To support Gianni’s Mission on Cultivate & Care Awareness, donate here: https://www.everribbon.com/ribbon/vie…
Homeopathic Well Being: http://www.drtarapeyman.com
Support Group: http://www.theicarusproject.net/
Translated by: Elizabeth Greene
The grief is incredibly overwhelming for our family. For our friends. For those who watched our beautiful boy, Gianni Manganelli, grow up. The grief is overwhelming too for the Deaf Community, the Academic Community, and the Filmmaking Community.
Why is it that we grieve so much for him? We grieve for his gentle soul, his brilliance. Not only the brilliance of his intellect, but the exquisite luminous brilliance of his heart as well, his precious sweetness.
People are fixated on wanting to know “how “ his life ended. But really, the manner of his passing is insignificant. What truly matters is what led up to– and what comes after – the moment at which it happened. When his life ended, it was by means of self-infliction. Why? So that he could finally put an end to the torment that he had been suffering, and had struggled with, and had believed he could somehow manage on his own.
This confounded people. Growing up, he had been an extraordinary, beautiful, healthy boy. He displayed the very essence of his true core being, his very nature. An individual standing in his authentic self. But then the darkness that would descend upon him began to emerge, and eventually overshadowed who he was, his true nature. Precisely what this darkness was, we still don’t know. But who Gianni truly was slowly became occluded by this psychological – mental and emotional – darkness.
The challenges of battling the darkness became a cycle of normalcy, health and wellbeing offset by periods of mental health concerns. At first, the periods of concern were minimal and brief in contrast to the periods of wellbeing. But eventually, the balance shifted and the periods of darkness became more and more prevalent, while the periods of normalcy and wellbeing diminished.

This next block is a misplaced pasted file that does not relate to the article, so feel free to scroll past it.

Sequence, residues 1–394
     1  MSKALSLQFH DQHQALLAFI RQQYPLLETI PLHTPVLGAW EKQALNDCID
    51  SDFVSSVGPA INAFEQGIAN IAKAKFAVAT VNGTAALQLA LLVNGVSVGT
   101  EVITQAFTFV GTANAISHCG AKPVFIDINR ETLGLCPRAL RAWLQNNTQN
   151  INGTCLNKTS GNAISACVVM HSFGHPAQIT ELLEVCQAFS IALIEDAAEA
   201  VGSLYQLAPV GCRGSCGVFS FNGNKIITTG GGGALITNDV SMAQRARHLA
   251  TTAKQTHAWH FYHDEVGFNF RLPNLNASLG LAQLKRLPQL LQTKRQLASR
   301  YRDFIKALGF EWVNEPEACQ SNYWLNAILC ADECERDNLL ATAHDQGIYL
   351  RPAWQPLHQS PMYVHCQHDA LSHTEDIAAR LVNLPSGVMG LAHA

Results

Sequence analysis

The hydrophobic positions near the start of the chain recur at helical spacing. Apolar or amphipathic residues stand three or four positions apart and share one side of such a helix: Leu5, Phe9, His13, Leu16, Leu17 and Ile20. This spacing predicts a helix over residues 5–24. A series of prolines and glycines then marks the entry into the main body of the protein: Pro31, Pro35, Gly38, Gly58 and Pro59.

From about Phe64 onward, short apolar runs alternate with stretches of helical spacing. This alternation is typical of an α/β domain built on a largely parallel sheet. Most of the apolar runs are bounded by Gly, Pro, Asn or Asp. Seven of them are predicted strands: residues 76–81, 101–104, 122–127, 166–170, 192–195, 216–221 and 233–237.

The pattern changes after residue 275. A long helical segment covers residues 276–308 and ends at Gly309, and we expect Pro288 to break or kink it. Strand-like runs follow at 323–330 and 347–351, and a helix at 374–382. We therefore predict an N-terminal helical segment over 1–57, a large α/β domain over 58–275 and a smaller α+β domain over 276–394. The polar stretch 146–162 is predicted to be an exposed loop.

Some of you who knew my son only within the academic world assumed that how he was during that time of acute darkness was an accurate reflection of who he was. But that was not normal for him.
It was confusing for some people. Those who knew him at his healthiest and saw him at his peak were shocked and dismayed and heartbroken to by the change in him. Others who only knew him in the very recent past assumed he was just odd – “that’s just him” – and never saw who he really was. Many things were overlooked. So many factors contributed to and culminated in and ultimately caused him to decide he’d had enough. He just wanted his incessant torment to stop. He didn’t want to succumb to the darkness that haunted him. He didn’t want it to hijack his life.
In truth, our son Gianni genuinely loved life. He loved his sister, he loved his family, he passionately loved everything about life – he loved the world, animals, nature. He cherished and adored all of life.
But by him putting an end to the relentless torment, it was ultimately that very darkness that took his life from him. With that understanding, what do we do now? We all must understand that WE must change. We must look closely at ourselves and ask ourselves, what can I do? What can we do? How can we as a community take accountability for this? What would community accountability mean? What would it look like? What would it be?
My son Gianni would want all of you first to remember him as he was when he was at his healthiest. And to recognize that that mental health issues vary enormously from relatively minor to extremely severe. How, then, can we come from a place of heart-centeredness and compassion, to be more aware, to care deeply, and to provide support?
You may know that currently available mental health services for the deaf community are significantly lacking and insufficient. So, we have a tremendous amount of work to do. And we cannot do it by ourselves. But I know that if we all come together to accomplish this – in Gianni’s honor – he will be beaming from ear to ear, and will triumphantly know his death had much greater worth and was not in vain.
Is this what I would have liked? What our family would have liked? Would we have willingly sacrificed for this? No, it is not what we would have liked. But… OK … I invite you to support our son’s fund, which is dedicated to raising awareness, focusing on training and on providing new services to individuals who are struggling with psychological and mental health issues, so that no one else ever has to go through what my son went through.